The litter spectrum, benign to unholy

The litter on the land falls along a spectrum. This disembodied deer hoof does not qualify as litter because, as far as I know, a human didn’t leave it on this abandoned, overgrown fire road. I felt no obligation to do anything more than pause and contemplate it.

At the opposite end of the spectrum is this spectacle just off Pinehurst Road on well-posted watershed land. I felt ashamed on behalf of humanity, but could do no more than pause and contemplate it.

Fortunately, that same day East Bay MUD had a crew nearby with a backhoe and related equipment, cleaning up an even worse litter pile.

That leaves a wide space between the two ends of the spectrum with different judgments to make and responses to consider. This next photo of cannabis seedlings is a few years old, and maybe these days people are doing a little less surreptitious planting in our out-of-the-way places.

It’s possible to do this without making an unholy mess, but I’ve come upon several instances in Oakland’s hills and they were all unholy messes of degraded plastic, bags of spilled fertilizer and remnants of crude camping practices. And the plants didn’t look very good either. So these seedlings . . . I left alone with a sense of foreboding similar to what I’d feel upon seeing fresh bear scat.

Stuff like this dead mylar balloon, lost from some celebration and fallen to ground way off the trail in upper Grass Valley, makes me feel ashamed . . .

but I’ve learned to stop stewing and just pick it up. One by-product of my quest to reduce my collection of rocks (I no longer call it a rock collection) is a growing set of used baggies. I pack several and fill at least one each outing.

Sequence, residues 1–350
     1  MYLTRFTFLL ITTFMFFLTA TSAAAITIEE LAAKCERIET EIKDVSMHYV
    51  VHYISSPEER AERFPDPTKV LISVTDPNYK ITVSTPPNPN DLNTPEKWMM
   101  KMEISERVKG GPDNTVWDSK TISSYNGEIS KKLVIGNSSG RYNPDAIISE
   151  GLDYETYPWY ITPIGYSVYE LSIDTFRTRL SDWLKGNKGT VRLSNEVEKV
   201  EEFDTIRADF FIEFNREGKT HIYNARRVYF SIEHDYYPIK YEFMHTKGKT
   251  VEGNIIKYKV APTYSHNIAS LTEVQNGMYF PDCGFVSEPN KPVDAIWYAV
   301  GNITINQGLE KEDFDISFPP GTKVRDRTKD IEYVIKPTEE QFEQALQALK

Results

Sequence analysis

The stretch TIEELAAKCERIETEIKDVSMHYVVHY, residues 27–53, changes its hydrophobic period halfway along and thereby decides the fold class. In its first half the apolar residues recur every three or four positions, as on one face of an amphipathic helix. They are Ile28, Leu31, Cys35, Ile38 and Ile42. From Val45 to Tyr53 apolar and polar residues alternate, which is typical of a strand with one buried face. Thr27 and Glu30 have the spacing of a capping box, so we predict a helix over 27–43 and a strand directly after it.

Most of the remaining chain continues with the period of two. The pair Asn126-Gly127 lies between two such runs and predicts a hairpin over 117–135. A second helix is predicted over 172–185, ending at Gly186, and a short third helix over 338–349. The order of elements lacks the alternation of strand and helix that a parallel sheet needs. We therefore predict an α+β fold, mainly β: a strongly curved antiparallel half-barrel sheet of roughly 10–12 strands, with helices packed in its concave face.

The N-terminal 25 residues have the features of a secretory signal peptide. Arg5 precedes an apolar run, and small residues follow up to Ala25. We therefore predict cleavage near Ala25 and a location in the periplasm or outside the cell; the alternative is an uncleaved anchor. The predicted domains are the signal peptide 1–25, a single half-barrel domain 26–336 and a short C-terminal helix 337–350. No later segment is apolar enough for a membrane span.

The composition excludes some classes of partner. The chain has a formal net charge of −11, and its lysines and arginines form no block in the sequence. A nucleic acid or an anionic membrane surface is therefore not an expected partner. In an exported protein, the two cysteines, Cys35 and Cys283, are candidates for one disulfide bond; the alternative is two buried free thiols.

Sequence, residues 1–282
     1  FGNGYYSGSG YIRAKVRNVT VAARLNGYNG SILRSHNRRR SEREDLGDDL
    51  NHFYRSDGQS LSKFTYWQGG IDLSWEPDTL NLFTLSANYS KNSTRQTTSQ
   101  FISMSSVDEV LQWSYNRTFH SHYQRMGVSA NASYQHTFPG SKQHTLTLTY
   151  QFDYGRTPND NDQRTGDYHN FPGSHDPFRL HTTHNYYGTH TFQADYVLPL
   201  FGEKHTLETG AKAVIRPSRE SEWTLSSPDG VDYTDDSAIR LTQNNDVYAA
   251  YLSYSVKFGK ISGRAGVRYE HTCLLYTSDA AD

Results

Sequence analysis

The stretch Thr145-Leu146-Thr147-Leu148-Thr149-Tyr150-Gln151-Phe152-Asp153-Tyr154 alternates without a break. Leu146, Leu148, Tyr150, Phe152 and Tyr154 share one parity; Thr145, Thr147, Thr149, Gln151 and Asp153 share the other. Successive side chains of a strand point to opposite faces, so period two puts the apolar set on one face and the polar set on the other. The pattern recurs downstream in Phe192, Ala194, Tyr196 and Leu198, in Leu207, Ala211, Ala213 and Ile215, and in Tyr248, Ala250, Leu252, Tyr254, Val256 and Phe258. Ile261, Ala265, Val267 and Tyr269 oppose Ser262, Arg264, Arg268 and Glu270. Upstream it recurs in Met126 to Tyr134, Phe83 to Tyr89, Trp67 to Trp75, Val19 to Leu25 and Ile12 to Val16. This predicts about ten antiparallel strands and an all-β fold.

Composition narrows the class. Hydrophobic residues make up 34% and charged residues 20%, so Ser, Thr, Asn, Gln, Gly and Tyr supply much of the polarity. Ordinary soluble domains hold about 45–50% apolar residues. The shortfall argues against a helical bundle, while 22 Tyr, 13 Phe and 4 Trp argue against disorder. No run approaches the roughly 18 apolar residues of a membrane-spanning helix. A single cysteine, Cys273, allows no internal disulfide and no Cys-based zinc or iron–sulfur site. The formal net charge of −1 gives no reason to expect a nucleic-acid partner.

Turns out that while I’m not that much of a hiker — just a flâneur of the hills — I’m right up there with the hardcore wilderness walkers who carry trash bags as their eleventh essential. It’s a practice I urgently recommend you follow too. Maybe we can’t fix the unholy messes that way, but it beats shame.

And here and there, you come upon trash that is picturesque.

And occasionally you come upon a thoughtful act of self-expression, around some corner where it’s been waiting to meet you. That’s what my next post will be about.

In other news, I’ll be leading a walk for Oakland Urban Paths next month visiting some of our historic former rock quarries. That’s in addition to the Oakland Heritage Alliance walk I’m leading in July. Also in the works, a walk for the Friends of Sausal Creek.

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2 Responses to “The litter spectrum, benign to unholy”

  1. jacqueline Says:

    Andrew, you are a treasure. Your writing is beautiful, faultless, your views fascinating. Oakland is in my bones and I learn much from you, from which I love it more. I’ve often been moved to say, thank you. Now I have.

  2. theoaklandraiders Says:

    I pick up tons of trash in Oakland all the time! Shattuck, Telegraph, Bushrod, Temescal. Blunt wrappers/straws, liquer bottles, it never ends.

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